As challenging as the struggle can be for women trying to make it in the media business in the U.S., women in other countries sometimes have things even worse. The BBC reports that the state television operation in Egypt came under fire after it suspended eight female TV presenters and ordered them to lose weight.
“The Egyptian Radio and Television Union (ERTU) has given the women one month to slim down before they can appear on air again with an ‘appropriate appearance,’ the Al-Yawm al-Sabi website reports. The ERTU has a female director, Safaa Hegazy, a former state TV anchor herself,” the BBC reports.
The report adds: “The announcement prompted an outcry among the affected presenters. Khadija Khattab, a host on Egypt’s Channel 2, told the paper that she wants people to watch her most recent TV appearances and judge for themselves if she is really ‘fat,’ and whether she deserves to be prevented from working. Another presenter said the situation had upset their families and should have been dealt with internally.”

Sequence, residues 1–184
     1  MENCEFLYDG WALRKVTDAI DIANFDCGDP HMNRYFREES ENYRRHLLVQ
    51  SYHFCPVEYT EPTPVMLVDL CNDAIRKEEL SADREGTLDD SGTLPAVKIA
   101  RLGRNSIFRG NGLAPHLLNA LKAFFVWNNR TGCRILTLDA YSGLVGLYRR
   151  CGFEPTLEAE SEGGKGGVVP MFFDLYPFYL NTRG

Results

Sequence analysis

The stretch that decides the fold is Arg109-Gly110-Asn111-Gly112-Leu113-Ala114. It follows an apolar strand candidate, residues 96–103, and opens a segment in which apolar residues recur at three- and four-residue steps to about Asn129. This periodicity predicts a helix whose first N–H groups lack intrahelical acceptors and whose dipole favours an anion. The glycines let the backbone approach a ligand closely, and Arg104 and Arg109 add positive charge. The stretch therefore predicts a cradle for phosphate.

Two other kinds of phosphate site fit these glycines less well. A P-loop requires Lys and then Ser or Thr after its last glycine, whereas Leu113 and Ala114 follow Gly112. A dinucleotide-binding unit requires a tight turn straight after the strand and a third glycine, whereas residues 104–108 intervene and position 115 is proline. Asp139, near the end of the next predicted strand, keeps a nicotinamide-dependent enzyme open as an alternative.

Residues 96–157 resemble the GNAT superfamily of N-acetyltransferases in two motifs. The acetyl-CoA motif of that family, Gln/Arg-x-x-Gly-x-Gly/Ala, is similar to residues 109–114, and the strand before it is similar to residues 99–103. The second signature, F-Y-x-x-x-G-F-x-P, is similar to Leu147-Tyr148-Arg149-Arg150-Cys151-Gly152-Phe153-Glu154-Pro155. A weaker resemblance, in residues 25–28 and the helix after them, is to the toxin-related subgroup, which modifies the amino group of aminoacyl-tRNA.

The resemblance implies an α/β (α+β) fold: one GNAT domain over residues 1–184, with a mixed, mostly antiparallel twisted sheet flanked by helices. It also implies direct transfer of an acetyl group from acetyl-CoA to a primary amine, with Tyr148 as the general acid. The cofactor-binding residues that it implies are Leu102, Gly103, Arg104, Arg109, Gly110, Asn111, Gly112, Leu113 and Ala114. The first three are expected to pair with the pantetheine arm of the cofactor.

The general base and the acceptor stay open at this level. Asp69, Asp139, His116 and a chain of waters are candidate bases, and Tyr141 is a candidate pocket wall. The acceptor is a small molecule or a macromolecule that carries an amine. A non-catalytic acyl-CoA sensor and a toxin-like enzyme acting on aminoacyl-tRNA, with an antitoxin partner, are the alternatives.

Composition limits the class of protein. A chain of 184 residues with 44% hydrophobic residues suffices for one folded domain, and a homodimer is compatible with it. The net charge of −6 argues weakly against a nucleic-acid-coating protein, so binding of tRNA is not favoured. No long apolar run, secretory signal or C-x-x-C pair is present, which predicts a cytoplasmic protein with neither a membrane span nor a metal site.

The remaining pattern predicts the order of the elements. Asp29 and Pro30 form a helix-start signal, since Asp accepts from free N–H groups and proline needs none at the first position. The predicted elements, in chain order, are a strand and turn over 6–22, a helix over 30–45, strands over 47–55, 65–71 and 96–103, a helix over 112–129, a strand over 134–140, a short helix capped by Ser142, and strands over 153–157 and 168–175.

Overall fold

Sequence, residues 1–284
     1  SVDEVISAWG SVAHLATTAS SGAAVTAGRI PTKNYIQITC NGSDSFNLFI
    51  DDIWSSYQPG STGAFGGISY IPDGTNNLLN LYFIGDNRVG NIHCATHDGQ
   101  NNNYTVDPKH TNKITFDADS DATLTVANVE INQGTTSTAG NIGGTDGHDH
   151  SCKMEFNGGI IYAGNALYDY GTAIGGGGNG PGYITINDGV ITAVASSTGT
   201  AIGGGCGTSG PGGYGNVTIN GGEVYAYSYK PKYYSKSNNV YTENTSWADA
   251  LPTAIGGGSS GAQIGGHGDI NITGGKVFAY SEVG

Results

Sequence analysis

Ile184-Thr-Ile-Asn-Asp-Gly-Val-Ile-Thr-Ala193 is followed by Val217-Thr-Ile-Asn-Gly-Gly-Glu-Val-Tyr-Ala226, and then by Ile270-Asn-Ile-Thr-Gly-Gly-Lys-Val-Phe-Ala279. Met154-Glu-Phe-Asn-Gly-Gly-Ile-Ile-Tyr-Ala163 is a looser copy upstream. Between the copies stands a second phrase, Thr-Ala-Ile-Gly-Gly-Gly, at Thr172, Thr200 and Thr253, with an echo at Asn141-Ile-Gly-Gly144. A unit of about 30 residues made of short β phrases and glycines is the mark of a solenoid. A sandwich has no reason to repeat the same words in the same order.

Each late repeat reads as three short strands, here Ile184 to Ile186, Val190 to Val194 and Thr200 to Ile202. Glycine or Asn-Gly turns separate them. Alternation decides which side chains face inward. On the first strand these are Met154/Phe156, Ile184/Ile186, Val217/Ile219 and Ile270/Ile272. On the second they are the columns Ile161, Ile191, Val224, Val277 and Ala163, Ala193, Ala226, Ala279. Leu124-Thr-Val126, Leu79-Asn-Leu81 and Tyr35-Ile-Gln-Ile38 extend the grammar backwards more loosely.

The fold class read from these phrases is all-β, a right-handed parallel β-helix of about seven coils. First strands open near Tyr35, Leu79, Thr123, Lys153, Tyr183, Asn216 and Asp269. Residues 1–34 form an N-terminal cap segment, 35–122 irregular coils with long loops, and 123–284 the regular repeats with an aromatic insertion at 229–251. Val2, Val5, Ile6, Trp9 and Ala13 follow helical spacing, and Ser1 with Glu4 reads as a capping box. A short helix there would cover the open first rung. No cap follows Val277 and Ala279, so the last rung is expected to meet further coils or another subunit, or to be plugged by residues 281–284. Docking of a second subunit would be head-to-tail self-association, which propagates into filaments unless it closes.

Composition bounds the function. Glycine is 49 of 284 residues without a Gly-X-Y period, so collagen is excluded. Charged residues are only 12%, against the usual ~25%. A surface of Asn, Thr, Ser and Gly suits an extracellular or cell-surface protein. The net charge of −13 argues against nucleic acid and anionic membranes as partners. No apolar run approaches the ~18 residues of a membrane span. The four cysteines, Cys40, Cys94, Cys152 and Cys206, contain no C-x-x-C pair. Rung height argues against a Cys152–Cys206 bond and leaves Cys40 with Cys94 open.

The Women’s Centre for Guidance and Legal Awareness came out strongly against the move, calling it a form of violence against women and saying it violates the constitution, the BBC reports. The group called on the ERTU to reverse its decision.
“Despite the criticism, ERTU sources told the Veto news website that the decision won’t be reversed, but that the women won’t have their pay and benefits docked,” the BBC report notes.
“On social media, some users voiced support for the women, but others called them ‘bakabouzas,’ a term Egyptians use to describe overweight girls,” the report adds. “One female Twitter user described ERTU head Safaa Hegazy as a ‘strong woman’ for making the decision.”